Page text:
The Jungle Book by Rudyard Kipling is the quintessential coming-of-age story: Mowgli, a human infant, is found alone in the jungle by the Wolf Pack- and adopted by the animals. As he matures, he begins to understand that though the wolves are family, humans are family, too. Torn between them, he must battle Sher Khan, the tiger who laid claim to him as prey when he was a baby. With Baloo, the bear, Ka, the serpent, Bagheera the panther, and his Wolf Pack, Mowgli overcomes his fears and becomes a leader to be reckoned with. It’s a tale of adventure and growing up- and who better to tell the tale than kids themselves?
Creative Cauldron’s original musical is produced by their Learning Theatre, a mix of young students relatively new to theater and some professional adults.
Exuberant would be the word to describe this cast: whether as howling wolves, slithering serpents, or raspy buzzing bees, the hard work’s clearly been done: cast members make the characters dance with life with a variety of animal movements and sounds.
It helps enormously that the simple, multilevel stage is populated with such well done animal masks and costumes by Scenic, Prop and Costume Designer Margie Jervis. Designed by Jervis, they are extraordinary: stylized versions of wolves, jackals, a tiger, stork, antelopes- and a rather magnificent, huge rhinoceros head. It’s not a stretch to say these pieces would be at home in any production, regardless of budget; they’re that good. Often, masks can end up inhibiting an actor, with blind spots and limited visibility, they’re often a hindrance in a show, particularly with children. But that’s not the case here- made of fine mesh, with fur hoods and ears, they allow an unlimited field of vision while still largely hiding most of an actor’s face. The fine masks let us know exactly who was who, from wolf packs to the irritating, chattering monkeys, they helped to differentiate a large and complex cast of characters.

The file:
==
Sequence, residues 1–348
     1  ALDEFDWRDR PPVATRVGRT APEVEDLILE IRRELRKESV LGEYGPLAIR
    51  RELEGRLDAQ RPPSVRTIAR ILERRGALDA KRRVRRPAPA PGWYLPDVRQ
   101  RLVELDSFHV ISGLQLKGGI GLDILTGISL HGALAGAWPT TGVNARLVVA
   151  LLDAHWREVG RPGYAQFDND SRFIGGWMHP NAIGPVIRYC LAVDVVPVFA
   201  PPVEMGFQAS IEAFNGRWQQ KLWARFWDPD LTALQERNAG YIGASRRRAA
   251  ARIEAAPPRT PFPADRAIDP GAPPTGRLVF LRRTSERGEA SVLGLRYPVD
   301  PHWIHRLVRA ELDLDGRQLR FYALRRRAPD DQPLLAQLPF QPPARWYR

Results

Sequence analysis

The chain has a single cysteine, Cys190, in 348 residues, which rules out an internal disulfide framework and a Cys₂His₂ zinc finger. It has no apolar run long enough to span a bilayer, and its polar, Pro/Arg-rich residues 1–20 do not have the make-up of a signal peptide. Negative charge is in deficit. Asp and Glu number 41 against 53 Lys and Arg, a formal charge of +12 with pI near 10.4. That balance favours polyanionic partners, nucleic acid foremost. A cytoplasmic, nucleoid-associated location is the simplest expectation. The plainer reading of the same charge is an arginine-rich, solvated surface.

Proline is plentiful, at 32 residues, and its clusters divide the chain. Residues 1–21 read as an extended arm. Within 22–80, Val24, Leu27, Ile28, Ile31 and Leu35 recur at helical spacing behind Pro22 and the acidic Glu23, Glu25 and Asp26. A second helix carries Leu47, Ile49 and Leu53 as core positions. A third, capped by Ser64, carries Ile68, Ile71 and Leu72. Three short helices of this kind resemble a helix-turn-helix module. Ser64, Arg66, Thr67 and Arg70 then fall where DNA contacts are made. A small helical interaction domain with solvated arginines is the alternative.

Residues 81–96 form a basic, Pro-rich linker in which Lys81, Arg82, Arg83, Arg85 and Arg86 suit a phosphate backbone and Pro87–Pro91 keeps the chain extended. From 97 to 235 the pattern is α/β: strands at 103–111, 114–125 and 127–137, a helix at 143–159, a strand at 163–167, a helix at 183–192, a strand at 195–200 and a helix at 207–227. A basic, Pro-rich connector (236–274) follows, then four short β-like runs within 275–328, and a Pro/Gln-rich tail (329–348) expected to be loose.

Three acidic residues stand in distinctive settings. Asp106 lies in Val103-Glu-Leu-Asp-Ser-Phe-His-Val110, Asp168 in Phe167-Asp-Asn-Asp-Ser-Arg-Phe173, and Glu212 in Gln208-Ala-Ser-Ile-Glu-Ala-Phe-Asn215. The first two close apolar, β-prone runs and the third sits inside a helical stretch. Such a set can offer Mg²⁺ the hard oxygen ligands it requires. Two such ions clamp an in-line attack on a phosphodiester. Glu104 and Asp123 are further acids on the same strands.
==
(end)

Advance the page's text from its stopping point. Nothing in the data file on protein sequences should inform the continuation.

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There are also a few puppets in the production: Mowgli himself (later played by Enola Danewitz) starts out as a wee toddler doll/puppet, and the poisonous little snakes that threaten to bite him are simple hand puppets with red faceted eyes. The little bee puppets, with whirring, falsetto voices, (Leopold Morris, Amanda Tarpley, Emma Howell ) are positively delightful.
The script is hampered a bit by stilted language, much of it borrowed from Kipling’s original book, and at times the action is alternately rushed and then too slow. Yet it’s visual enough, and the story simplified enough, that attention rarely wanders, though with a start time of 7:30pm and a show that ends (with a question and answer period afterwards, very useful) at 9, it’s quite a long evening for the littlest patrons. Matinees will undoubtedly be the best bet if you’re bringing anyone under the age of 7 or 8.
Music by Matt Connor and lyrics by Stephen Gregory Smith are largely forgettable- lyrics are simple, tunes likewise – but it must be remembered that this is a show written not for the Broadway stage, but for a large group of learning thespians. There are a few songs that are quite a bit of fun, most notably “Monkey See, Monkey Do,” wherein Mowgli and the Monkeys play an exaggerated game of Simon Says. As Mother Wolf, Eva Geisinger has a particularly pleasing voice, and as Mowgli, Enola Danewitz carries much of the show with grace and wit.